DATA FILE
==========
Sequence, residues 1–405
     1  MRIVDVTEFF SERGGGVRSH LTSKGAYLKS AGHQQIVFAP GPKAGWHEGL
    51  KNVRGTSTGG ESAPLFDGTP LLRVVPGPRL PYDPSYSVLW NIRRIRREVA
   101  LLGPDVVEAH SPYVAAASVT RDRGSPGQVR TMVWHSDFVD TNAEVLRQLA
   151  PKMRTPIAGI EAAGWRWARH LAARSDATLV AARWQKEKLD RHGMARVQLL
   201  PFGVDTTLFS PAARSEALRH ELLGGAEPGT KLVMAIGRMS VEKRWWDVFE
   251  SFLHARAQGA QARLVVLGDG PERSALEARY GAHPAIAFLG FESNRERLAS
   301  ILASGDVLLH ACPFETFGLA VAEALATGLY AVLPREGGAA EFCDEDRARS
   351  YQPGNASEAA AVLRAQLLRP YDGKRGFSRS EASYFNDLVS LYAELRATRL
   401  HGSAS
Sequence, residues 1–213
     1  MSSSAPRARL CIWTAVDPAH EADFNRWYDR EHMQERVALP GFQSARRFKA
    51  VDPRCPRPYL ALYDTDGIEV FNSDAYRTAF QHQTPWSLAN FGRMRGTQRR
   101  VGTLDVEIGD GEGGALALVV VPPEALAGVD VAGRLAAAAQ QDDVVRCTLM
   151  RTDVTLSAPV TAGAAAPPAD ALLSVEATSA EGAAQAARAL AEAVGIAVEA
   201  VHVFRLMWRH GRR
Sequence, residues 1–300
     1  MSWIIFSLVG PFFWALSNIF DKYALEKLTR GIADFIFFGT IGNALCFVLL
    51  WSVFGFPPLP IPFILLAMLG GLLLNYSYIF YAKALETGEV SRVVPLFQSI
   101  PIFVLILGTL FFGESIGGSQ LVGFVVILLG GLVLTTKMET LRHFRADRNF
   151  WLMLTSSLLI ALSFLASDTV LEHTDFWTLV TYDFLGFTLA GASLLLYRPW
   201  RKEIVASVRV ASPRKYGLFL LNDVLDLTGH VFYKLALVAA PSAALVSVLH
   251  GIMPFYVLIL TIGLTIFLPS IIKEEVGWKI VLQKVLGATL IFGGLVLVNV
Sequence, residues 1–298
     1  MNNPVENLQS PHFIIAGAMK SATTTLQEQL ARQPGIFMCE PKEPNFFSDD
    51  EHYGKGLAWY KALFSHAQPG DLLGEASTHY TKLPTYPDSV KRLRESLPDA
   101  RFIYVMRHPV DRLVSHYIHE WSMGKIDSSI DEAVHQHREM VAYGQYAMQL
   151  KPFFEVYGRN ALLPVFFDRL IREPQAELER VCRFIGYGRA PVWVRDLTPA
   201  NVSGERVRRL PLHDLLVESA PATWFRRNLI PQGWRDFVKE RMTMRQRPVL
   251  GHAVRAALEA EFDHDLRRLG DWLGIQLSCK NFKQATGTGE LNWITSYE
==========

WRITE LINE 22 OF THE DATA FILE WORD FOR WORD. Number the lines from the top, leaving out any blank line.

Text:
   201  RKEIVASVRV ASPRKYGLFL LNDVLDLTGH VFYKLALVAA PSAALVSVLH